Is Abe Playing with Fire by Cozying Up to Beijing?

(Click here to read this article in Japanese.)

 

Viewed from here in Washington, D.C., Prime Minister Shinzo Abe’s recent statements concerning China seem odd, and even dangerous.

 

His recent stance on China appears to be diametrically opposed to the supra-partisan consensus of opinion towards Beijing in the United States, an ally which the Prime Minister himself has described as the cornerstone of Japan’s national security. It might also be seen as a rejection of the China policies of the Trump administration.

 

In his general policy speech to the Diet on October 4, Abe emphasized that he wanted “to expand interchanges with China at all levels.” That, despite the fact that at this very time Washington, D.C., is seeking to contain Beijing’s thuggish actions abroad by unprecedented downscaling of interactions with China in various areas.

 

However, aside from comparisons with the United States, Abe’s statements are in many ways hard to accept. They might in fact be considered merely an elaboration of the policy speech he made this January in which he said, “Japan-China relations are back on a completely normal track.”

 

Yet even now armed Chinese vessels regularly continue to intrude into Japanese territorial waters around the Senkaku Islands, and China even displays a posture of being prepared to take these islands by force. How then can this bilateral relationship be characterized as “normal”? (RELATED ARTICLES: China’s Coercive Posturing in the Senkakus: A Quest for Dominance | China’s Coercive Posturing in the Senkakus: Waiting for A Radical Turn)

 

 

Look At China’s Core Policies

 

China is bitterly opposed to the Japan-U.S. alliance and seeks to derail all bilateral defense cooperation, including a missile defense system for Japan. At the same time, the military threat that Beijing’s own buildup of its armed forces poses to Japan is crystal clear.

 

Domestically, the Chinese government has for years pushed “anti-Japan” education policies that remain focused solely on wartime “atrocities” carried out by the Japanese military in China. The regime of President Xi Jinping has elevated ceremonies marking historical incidents linked to Japanese “aggression,” such as the Marco Polo Bridge Incident and the Nanjing Incident, to the highest level of state ritual.  

 

Within China, Japanese companies continue to be impacted by a lack of transparency in business practices that the United States has been harshly condemning. This is evidenced by the blatant failure to protect foreign intellectual property and the manner in which foreign joint ventures with Chinese entities are mistreated.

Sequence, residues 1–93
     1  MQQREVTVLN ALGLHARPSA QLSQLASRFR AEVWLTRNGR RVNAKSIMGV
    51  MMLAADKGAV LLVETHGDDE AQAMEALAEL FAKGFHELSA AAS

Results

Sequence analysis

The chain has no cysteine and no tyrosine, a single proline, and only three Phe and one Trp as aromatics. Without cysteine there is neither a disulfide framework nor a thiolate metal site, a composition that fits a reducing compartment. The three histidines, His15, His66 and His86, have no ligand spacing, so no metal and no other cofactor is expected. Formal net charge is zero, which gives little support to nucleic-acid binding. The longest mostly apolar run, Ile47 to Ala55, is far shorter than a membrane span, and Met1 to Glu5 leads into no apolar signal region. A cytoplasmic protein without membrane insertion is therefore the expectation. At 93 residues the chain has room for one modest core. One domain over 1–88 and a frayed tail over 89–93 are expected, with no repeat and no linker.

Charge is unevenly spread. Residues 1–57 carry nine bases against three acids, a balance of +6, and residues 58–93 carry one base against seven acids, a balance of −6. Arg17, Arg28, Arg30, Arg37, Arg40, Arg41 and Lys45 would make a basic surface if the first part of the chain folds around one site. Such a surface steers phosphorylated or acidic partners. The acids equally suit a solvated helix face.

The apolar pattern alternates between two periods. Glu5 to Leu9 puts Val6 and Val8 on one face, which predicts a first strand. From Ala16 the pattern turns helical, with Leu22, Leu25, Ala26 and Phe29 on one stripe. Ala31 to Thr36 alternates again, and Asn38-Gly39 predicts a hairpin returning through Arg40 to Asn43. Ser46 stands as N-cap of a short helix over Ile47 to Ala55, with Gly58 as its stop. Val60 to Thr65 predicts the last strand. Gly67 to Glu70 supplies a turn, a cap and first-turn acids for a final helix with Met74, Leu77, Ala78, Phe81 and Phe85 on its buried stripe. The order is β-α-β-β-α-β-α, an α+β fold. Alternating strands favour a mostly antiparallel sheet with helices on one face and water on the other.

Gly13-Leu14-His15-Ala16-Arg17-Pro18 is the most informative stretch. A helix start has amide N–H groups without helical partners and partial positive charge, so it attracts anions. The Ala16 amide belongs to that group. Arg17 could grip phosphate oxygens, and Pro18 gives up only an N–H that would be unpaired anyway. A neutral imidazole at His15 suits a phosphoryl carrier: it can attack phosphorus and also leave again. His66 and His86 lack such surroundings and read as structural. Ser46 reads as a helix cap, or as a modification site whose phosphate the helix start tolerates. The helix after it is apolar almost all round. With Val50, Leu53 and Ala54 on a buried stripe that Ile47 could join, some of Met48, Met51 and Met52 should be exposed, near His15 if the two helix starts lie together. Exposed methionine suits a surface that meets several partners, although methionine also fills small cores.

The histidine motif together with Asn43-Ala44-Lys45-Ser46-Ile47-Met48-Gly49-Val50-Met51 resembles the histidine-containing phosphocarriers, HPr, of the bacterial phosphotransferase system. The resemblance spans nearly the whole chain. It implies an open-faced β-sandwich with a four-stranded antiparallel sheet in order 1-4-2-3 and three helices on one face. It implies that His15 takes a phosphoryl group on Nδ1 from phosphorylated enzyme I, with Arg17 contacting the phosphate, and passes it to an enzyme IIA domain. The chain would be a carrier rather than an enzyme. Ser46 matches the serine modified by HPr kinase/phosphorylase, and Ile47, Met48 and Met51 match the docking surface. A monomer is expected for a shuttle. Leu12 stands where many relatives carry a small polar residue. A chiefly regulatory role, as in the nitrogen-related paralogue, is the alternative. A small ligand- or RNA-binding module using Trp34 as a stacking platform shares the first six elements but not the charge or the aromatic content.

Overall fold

Then there is the glaring recent suppression of human rights in Xinjiang and Hong Kong. China’s actual actions stand in stark contrast to the impassioned plea for respect for human rights in Abe’s speeches.

 

How then can a bilateral relationship with such bad actors be called “normal”?

 

 

Game of Subterfuge

 

Xi Jinping’s government recently began to display “smile diplomacy” vis-à-vis Japan. Domestically, too, it has toned down some of the anti-Japan rhetoric and behavior. With the Trump administration outrightly confronting China for a wholesale settlement of outstanding issues, China is eager to reduce confrontation with Japan.

 

This is obviously a tactic to create daylight between Tokyo and Washington, D.C. The proof is in the fact that China continues unabated to pursue core policies that treat Japan as an enemy, as I noted above.

 

The Abe administration’s touting of “from competition to cooperation” as its slogan for Japan-China relations and its indirect cooperation in China’s “one belt, one road” initiative run directly counter to the Trump administration’s policies.

 

 

Abe’s Dangerous Path

 

The U.S. government has identified China as a dangerous rival bent on destroying the existing U.S.-led international order. And in response it is in fact advocating a strategy of “from cooperation to competition.”

 

Washington is also giving the “one belt, one road” the cold shoulder, viewing it as nothing more than a concrete expression of Xi Jinping’s hegemonic ambitions.

 

In October the Trump administration announced that it would refuse to grant U.S. visas to high officials in the Chinese government who had been involved in the ongoing oppression of the Uyghurs in Xinjiang Province. Thus, the Americans are headed in the opposite direction from the “expanded cooperation” the Abe administration wants.

 

Individuals connected to the Trump administration have objected to the Abe administration’s friendly stance towards China.

 

One such voice is Christian Whiton, who, as a political appointee, served as a senior advisor for strategic communications at the U.S. State Department during the early days of the Trump administration. There he offered advice on public diplomacy, media, and East Asia issues.

 

In a recent article he warned about the path Japan is on, arguing that Japan’s cozying up to Beijing even as the United States is going all out in its attempts to contain China’s reckless expansion is doing grave damage to the U.S.-Japan alliance, as well as the Trump administration.

 

Whiton, who is now Senior Fellow for Strategy and Trade at the Center for the National Interest in Washington, D.C., cautions that, unless Tokyo changes direction, in a worse-case scenario “President Trump will no longer consider Abe his friend.” The United States then might even raise tariffs on Japanese motor vehicles. 

 

(Click here to read the article in Japanese.)

 

Author: Yoshihisa Komori,  

Associate Correspondent in Washington, D.C. for The Sankei Shimbun

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